Finally, there’s J.T. Miller, who got one fifth-place vote for the Hart. You can see the logic in that: Miller was the new arrival to the Canucks and led the team in scoring as they made the playoffs for the first time in five years. It’s understandable why someone would give Miller a big chunk of the credit for that and give him a Hart vote.
Miller also got a vote for another trophy that was given out before Monday’s awards show: the Selke.
The list of Selke vote-getters is always a long one, as there’s no clearly-defined and agreed-upon way to measure defence. It frequently just goes to the top scorer in a particular season among a set group of forwards that have a reputation for playing good defence. Ryan Kesler won the Selke in 2011 more because he scored 41 goals than because he was incredible defensively that season and, in fact, Manny Malhotra took on more of the checking duties than Kesler did.
All that said, Miller getting a second-place vote this season for the Selke trophy is certainly a choice. Miller started 70.74% of his shifts in the offensive zone, wasn’t matched up against top lines any more than league average, and was 7th among Canucks forwards in average ice time on the penalty kill, so giving him any vote for best defensive forward in the NHL is a stretch, let alone a second-place vote.
So, how did he get that vote? Here’s my theory: if you click on the NHL statistics page and sort by faceoff winning percentage, guess who had the second-best percentage in the NHL behind Selke winner Sean Couturier? Yep, J.T. Miller.
While I sincerely hope a writer didn’t just look at faceoff statistics and decide that a 59.2% faceoff percentage means Miller is a defensive stalwart, I also can’t dismiss the possibility.
Finally, there are the First and Second All-Star Teams. Much like the other NHL Awards, these end up playing an outsized role in future NHL Hall-of-Fame selections. Being named the best or second-best player at your position for a season certainly helps your resume.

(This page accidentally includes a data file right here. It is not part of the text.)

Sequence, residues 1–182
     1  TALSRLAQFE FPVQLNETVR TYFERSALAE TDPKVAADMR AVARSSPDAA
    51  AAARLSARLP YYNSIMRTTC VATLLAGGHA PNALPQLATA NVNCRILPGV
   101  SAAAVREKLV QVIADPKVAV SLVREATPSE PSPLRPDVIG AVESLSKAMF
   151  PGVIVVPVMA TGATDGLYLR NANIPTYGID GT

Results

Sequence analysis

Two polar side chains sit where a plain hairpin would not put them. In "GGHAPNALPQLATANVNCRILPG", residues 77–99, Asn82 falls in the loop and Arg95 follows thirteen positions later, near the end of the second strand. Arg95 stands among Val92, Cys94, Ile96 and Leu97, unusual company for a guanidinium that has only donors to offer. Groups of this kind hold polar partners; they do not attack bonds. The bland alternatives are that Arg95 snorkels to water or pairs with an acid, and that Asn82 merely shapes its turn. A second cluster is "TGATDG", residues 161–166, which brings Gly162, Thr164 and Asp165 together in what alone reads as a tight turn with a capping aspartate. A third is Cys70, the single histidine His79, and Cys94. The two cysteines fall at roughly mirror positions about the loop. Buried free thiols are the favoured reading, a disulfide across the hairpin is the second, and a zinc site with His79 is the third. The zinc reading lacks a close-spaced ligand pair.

Hughes was named to the All-Rookie Team, but no Canucks landed on either the 1st or 2nd All-Star Team. Hughes, Pettersson, Miller, and Markstrom all got some votes, however.
Pettersson landed seventh among centers with three third-place votes, between Evgeni Malkin and Brayden Point. That’s pretty good company for Pettersson, who is likely hard at work as you read this making sure he’s at the top of this list next season.
At left wing, Miller garnered just one third-place vote, which seems fair. He arguably deserved to finish ahead of Max Pacioretty, but the left wing position was pretty stacked against him. Panarin was the obvious First Team All-Star, but Brad Marchand, Alex Ovechkin, Jonathan Huberdeau, and Kyle Connor were all fantastic, with an argument for each of them to get the nod as Second Team All-Star.
It may seem confusing that Hughes got more votes for the All-Star Teams than he did for the Norris, since the PHWA votes for both. That’s because, unlike the other positions, the PHWA votes for two defenceman for each team and votes for three teams for a total of six defencemen.
While Hughes received just three fifth-place votes for the Norris, he got two second-place votes and 20 third-place votes for the All-Star Teams. That’s still a little confusing, as it means two voters viewed Hughes as one of the four best defencemen in the league, but didn’t give him a fourth-place vote for the Norris.
At the very least, that ensured he finished well ahead of DeAngelo in the voting this time around.
Finally, there are the goaltenders. Surprisingly, Markstrom, who finished fourth in Vezina voting, finished fifth in All-Star voting behind Ben Bishop. Markstrom actually received more Second Team votes than Bishop, but far fewer Third Team votes.